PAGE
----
Tomás Gómez Bustillo’s charming, intelligent Chronicles of a Wandering Saint is a natural follow-up to the two short films for which he is known: Soy Buenos Aires (a strange, picaresque rags-to-riches tale) and Museum of Fleeting Wonders (a collection of dramatized paranormal happenings). In Chronicles, as in the two short films, he is primarily concerned with spiritual, ethical, and religious contrasts; scenarios in which miracles are mixed with coincidences, faith with rationality, and boredom with inspiration. But that is where the comparisons end; for Chronicles is in every way a more serious, controlled, and moving work of art, which stands with the very best of contemporary Argentine cinema.

The plot centers on an elderly janitor, Rita, who discovers what she thinks is the sacred statue of Rita of Cascia that disappeared from the town some thirty years ago. After smuggling it back to her house, she asks the local priest whether it is a sign from God. “This is not a sign,” he says, “it is a miracle!” Later that evening, while staring, awe-struck, at the statue, she notices something curious: her Rita is clutching a crown of thorns, not a crucifix. The thing is a terrible fake. Devastated, she seeks consolation from her sweetheart husband, Norberto, who convinces her to go through with the ruse anyway. “It could still be a miracle,” he tells her, “it’s all a matter of perspective…If you want it to be a miracle, then it is.” And so, the next day, the couple make plans for the grand unveiling, which will involve a slightly altered statue, some bad acting, and a garland of daisies.

One cannot say much more about the plot without giving away its best jokes and surprises. It is just as well, then, that the film’s major themes and atmospheric progressions largely depend on non-narrative elements, the chief of them being the use of light. Indeed, nearly every shot contains some form of emanation, usually from a window, but also from phone screens, streetlights, bedside lamps, doorways, halos, camera flashes, and, at the film’s close, from an aurora that surrounds those who are soon to go to heaven (an inversion of the Argentine myth of luz mala). The main purpose of these emanations is to (literally) foreshadow Rita’s eventual fate, but they also have many secondary functions. The pitiful halos and stubby devil horns, for example, introduce an air of camp to the presentation, in the manner of O Auto da Compadecida; and the bright beams create striking chiaroscuros which add to the faux-religious imagery.

Iconographic ironies, absurdities, and ambiguities abound. Consider, for instance, the opening scene, in which three women enter a church and see Rita kneeling in prayer, her face and hands illuminated by a shaft of light. To them, the scene is divine; and yet little do they know that Rita has been shuffling along the pew, chasing the shaft of light, so as to be ‘in position’ when they come in. Or consider the statue which Rita and Norberto tamper with: it has, of course, a religious symbolism, but also a commercial cheapness, an ulterior motive (to trick the townsfolk), and thus a moral versatility that subverts its holier aspects. Or consider the painterly interiors, which, with their cracks, crevices, and chipped walls, look more like Renaissance frescoes than modern color photographs, thus bestowing on those who feature in them all the gravitas of that spiritual and artistic tradition, if only ironically.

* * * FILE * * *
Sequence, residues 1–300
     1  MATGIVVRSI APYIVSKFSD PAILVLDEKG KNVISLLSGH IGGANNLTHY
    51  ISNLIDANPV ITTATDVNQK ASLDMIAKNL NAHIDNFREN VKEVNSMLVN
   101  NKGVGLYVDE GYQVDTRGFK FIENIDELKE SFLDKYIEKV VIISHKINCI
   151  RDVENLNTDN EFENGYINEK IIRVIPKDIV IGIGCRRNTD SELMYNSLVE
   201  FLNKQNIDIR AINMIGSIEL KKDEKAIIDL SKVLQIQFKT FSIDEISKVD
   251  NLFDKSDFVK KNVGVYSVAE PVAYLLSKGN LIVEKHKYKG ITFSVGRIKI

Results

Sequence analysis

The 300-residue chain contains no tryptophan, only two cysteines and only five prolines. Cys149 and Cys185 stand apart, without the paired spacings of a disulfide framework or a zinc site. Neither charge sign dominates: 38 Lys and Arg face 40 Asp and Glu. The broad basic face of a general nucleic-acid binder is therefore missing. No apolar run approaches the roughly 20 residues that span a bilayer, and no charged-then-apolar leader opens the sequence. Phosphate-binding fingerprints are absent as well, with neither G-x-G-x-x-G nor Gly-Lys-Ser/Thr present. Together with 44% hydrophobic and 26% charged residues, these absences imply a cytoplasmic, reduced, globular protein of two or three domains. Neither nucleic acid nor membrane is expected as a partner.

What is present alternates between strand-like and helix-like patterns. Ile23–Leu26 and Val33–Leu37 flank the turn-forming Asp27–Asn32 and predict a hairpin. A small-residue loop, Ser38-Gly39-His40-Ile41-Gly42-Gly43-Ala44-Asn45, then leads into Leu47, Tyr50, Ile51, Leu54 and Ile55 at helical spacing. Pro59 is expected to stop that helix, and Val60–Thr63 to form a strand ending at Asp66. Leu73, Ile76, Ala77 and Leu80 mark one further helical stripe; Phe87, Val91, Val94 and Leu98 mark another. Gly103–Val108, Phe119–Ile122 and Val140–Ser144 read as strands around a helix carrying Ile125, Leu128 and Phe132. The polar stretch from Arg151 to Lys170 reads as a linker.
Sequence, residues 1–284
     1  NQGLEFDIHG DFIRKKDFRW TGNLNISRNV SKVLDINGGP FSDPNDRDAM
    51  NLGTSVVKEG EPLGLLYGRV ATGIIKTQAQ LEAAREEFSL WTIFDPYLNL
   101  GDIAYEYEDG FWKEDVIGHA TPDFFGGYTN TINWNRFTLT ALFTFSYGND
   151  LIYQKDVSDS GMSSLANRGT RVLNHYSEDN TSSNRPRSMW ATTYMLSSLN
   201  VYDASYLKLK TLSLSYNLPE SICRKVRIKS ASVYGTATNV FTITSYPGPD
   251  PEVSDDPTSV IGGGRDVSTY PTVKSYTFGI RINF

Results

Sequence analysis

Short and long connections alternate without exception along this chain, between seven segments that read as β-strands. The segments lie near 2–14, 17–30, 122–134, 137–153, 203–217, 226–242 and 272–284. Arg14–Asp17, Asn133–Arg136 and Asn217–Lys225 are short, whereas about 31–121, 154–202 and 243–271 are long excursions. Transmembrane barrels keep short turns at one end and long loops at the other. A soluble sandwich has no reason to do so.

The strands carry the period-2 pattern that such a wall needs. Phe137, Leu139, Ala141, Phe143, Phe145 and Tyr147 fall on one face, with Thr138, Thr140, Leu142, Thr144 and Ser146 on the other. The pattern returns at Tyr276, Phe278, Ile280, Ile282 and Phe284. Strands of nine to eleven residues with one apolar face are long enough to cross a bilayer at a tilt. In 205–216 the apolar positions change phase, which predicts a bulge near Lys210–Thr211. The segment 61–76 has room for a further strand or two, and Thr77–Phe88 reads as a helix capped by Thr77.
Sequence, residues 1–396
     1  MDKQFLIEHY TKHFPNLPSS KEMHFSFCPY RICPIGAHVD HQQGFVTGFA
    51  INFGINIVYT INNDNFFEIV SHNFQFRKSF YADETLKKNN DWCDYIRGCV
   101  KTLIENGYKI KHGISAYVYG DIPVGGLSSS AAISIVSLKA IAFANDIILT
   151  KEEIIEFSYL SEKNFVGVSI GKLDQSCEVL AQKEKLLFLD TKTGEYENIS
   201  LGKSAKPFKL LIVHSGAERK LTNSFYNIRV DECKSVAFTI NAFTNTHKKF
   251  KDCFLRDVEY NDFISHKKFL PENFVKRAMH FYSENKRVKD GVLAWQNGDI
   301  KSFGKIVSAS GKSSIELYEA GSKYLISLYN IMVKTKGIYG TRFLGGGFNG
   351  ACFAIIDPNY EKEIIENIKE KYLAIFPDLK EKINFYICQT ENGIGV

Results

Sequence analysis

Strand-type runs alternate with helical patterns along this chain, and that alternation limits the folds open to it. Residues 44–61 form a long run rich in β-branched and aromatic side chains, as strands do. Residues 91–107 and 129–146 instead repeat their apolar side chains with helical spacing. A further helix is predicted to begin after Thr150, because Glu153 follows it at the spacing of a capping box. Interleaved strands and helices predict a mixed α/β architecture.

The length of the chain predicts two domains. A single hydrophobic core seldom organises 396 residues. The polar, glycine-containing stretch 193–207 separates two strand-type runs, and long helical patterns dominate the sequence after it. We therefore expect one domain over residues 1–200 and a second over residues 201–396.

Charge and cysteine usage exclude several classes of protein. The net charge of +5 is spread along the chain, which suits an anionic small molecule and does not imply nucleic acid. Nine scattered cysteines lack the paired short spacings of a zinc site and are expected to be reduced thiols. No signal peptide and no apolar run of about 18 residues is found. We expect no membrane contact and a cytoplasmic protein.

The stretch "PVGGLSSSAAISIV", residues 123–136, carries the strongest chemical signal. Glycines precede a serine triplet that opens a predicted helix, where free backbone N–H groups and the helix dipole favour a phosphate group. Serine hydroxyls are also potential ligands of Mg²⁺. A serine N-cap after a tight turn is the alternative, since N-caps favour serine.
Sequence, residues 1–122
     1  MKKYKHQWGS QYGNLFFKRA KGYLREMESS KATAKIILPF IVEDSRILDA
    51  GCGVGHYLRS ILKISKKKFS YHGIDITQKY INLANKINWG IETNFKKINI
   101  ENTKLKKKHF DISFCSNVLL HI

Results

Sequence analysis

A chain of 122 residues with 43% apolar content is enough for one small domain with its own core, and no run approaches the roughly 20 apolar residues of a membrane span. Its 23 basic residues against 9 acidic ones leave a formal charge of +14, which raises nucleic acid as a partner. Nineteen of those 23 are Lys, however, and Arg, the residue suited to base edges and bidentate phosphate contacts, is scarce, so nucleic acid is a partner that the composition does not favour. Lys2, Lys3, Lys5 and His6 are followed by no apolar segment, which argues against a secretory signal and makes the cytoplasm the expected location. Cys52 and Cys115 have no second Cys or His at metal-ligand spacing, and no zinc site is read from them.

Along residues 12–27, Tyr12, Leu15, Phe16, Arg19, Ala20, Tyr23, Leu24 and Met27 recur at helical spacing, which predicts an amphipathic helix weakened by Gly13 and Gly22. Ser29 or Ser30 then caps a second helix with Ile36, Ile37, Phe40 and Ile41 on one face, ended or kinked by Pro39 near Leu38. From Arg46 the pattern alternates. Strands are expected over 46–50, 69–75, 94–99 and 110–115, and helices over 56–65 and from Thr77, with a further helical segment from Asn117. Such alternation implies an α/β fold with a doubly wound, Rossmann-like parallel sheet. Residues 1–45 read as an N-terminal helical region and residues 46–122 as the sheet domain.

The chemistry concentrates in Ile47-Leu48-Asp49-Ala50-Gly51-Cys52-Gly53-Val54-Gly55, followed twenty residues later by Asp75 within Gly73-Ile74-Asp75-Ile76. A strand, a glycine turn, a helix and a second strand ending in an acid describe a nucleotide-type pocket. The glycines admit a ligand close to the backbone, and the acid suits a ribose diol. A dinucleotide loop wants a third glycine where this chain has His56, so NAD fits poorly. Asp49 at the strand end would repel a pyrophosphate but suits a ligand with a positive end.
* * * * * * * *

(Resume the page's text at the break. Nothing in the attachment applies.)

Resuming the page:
The broader theme of these playful tricks and double meanings is the human need for fictions—those poetic lies which are somehow able to circumvent the dullness and meaninglessness of the world, to bring it into spiritual unity. In an early scene Norberto describes two pairs of jeans on a clothesline as “dancing.” “What are you showing me?” asks Rita, “The wind?” “Right. Could be.” Equally evocative is a later scene in which we find out that the blinking of a light is due not to an electrical fault but to the stirrings of a trapped spirit. Upon being asked whether all lights are likewise occupied, the spirit laughingly replies, “No, no…Let’s not get carried away.” The film’s metaphysic thus turns on a splendid counterpoint: it is sympathetic towards certain religious rites and ideas (spirits, judgement day, reincarnation, canonization, heaven, hell), but these generalities are continually humanized so that they contain all the defects, trivialities, contradictions, malfunctions, and bureaucracy of society. Before you enter the kingdom of heaven, for example, you must choose between the Express Package and the Premium Package, and listen to the terms and conditions.

This particular strain of dark, ironic, religious humor goes as far back as Kafka—most notably to his short story “Poseidon,” which presents the Olympian as a bored, overburdened office clerk who never has any time to go swimming—and perhaps as far back as Kierkegaard, albeit to a lesser degree. But Bustillo’s film does not leave one feeling cold in the way that Kafka’s creepy stories so often do. Partly because Rita and Norberto are far more personable than Kafka’s faceless protagonists; but mostly because Bustillo is less worried about heaping on the sentiment. After all the funny games, it is to the dramatic idiom that he returns, to pathos and catharsis, and his conclusions are less cynical, less damning of the world as a result. His notion of life after death, for example, begins in the Christian tradition but later gives way, rather elegantly, to a deeper humanism: heaven is a sham, and the freed spirit is just as lonely as its corporeal host; but the dead can still live on, in those moments when the past emerges beautifully in the present, like warm light falling on an empty bed.

Chronicles of a Wandering Saint opens in theaters on June 28.

Grade: A-

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